NFS4ERR_NO_GRACE for all reclaim attempts, or that the server record NFS4ERR_NO_GRACE for all reclaim attempts, or that the server record
some information in stable storage. The amount of information the some information in stable storage. The amount of information the
server records in stable storage is in inverse proportion to how server records in stable storage is in inverse proportion to how
harsh the server wants to be whenever the edge conditions occur. The harsh the server wants to be whenever the edge conditions occur. The
server that is completely tolerant of all edge conditions will record server that is completely tolerant of all edge conditions will record
in stable storage every lock that is acquired, removing the lock in stable storage every lock that is acquired, removing the lock
record from stable storage only when the lock is unlocked by the record from stable storage only when the lock is unlocked by the
client and the lock's lockowner advances the sequence number such client and the lock's owner advances the sequence number such that
that the lock release is not the last stateful event for the the lock release is not the last stateful event for the owner's
lockowner's sequence. For the two aforementioned edge conditions, sequence. For the two aforementioned edge conditions, the harshest a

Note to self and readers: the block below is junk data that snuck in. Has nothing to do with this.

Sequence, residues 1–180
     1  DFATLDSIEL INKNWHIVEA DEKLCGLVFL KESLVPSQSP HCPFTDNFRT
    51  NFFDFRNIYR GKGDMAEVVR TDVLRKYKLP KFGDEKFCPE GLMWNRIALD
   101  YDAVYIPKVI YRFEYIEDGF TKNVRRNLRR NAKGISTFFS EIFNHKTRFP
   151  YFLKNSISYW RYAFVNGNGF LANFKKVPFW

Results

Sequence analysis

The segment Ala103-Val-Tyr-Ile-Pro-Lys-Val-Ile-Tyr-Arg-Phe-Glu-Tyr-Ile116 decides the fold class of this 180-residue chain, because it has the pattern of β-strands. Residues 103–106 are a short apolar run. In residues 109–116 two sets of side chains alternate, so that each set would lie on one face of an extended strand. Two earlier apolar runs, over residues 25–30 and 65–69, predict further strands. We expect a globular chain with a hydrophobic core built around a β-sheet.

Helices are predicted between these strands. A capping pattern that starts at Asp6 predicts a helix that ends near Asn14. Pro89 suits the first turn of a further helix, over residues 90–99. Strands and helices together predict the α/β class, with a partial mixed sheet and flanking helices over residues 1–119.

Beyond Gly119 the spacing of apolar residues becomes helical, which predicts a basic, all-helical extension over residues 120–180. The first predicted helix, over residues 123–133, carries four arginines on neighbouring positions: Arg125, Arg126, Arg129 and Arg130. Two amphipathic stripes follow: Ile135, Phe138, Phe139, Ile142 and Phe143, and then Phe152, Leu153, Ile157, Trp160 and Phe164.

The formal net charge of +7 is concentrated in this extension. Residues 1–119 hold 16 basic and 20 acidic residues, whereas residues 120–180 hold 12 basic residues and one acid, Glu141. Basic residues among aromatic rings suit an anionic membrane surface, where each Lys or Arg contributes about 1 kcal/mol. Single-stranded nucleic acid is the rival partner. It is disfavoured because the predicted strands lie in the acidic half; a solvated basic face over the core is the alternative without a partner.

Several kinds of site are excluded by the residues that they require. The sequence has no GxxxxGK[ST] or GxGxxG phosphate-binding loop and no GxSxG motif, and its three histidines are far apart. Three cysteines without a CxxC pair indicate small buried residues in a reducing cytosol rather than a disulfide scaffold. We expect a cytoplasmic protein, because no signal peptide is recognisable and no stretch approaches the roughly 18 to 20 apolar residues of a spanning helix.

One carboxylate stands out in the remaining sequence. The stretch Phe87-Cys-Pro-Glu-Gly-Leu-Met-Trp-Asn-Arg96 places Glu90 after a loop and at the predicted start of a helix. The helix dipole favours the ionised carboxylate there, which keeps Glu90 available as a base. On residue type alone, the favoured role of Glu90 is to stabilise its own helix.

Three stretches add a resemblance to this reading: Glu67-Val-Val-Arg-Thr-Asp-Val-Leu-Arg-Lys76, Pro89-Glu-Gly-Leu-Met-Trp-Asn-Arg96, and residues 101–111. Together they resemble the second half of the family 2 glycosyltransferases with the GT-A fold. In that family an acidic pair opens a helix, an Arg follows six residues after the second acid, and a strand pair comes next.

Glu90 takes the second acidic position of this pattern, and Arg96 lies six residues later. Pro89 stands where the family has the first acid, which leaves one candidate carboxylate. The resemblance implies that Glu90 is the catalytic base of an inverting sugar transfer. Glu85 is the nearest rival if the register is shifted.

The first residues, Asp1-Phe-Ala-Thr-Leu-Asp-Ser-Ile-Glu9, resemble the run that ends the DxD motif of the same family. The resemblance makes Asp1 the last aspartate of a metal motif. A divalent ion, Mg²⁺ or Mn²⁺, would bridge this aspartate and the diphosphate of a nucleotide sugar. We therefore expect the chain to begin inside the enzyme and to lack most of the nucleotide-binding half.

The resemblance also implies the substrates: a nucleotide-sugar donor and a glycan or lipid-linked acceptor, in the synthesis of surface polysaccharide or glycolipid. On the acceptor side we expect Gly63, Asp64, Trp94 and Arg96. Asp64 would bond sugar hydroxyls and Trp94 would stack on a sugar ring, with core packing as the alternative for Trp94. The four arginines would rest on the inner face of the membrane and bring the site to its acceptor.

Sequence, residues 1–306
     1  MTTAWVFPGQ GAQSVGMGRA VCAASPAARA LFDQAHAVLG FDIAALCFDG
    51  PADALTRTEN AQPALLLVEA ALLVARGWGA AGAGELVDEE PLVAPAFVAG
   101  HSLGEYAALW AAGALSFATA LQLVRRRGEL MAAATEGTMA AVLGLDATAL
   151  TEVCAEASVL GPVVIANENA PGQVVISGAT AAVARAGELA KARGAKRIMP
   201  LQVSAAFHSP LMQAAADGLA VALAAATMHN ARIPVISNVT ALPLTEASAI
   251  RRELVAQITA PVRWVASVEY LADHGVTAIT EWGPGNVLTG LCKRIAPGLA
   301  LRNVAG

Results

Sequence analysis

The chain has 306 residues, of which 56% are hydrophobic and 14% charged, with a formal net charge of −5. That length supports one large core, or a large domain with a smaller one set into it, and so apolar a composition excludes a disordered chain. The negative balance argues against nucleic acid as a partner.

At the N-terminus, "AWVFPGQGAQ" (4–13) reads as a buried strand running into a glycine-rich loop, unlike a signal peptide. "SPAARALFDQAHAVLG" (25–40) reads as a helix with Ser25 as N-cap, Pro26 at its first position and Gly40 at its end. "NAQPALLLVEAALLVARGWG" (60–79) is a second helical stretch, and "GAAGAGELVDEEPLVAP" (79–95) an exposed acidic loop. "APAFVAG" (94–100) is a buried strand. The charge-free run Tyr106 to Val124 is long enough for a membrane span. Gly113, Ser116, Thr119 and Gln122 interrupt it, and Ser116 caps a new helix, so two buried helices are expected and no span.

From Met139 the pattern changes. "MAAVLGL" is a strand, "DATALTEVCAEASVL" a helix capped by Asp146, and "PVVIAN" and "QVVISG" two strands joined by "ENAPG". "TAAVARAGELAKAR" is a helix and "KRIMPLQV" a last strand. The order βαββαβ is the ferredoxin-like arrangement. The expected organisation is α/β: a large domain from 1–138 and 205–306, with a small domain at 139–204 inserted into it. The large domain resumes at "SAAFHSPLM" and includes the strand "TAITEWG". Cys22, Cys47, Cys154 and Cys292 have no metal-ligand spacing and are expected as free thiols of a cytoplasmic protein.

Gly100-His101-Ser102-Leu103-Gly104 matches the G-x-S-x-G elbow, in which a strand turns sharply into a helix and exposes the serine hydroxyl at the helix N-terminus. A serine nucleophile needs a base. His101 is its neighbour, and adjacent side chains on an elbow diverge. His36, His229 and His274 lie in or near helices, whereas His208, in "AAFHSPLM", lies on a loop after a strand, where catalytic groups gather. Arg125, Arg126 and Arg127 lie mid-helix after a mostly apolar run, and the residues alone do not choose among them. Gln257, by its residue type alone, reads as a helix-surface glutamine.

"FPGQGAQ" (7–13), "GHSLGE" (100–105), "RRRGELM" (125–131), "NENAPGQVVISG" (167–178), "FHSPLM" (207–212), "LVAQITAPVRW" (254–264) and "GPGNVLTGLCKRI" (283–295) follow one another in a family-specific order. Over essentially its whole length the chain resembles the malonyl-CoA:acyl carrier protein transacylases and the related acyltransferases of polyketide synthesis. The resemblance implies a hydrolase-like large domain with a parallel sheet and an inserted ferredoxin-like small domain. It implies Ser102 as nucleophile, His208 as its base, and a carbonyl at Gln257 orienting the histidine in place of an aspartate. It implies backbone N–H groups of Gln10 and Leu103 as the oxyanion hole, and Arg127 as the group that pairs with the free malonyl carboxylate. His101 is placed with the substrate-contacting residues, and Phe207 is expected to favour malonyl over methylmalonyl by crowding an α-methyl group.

the harshest a server can be, and still support a grace period for server can be, and still support a grace period for reclaims,
reclaims, requires that the server record in stable storage requires that the server record in stable storage information some
information some minimal information. For example, a server minimal information. For example, a server implementation could, for
implementation could, for each client, save in stable storage a each client, save in stable storage a record containing:
record containing:
o the client's id string o the client's id string
o a boolean that indicates if the client's lease expired or if there o a boolean that indicates if the client's lease expired or if there
was administrative intervention (see Section 9.8) to revoke a was administrative intervention (see Section 9.8) to revoke a
byte-range lock, share reservation, or delegation byte-range lock, share reservation, or delegation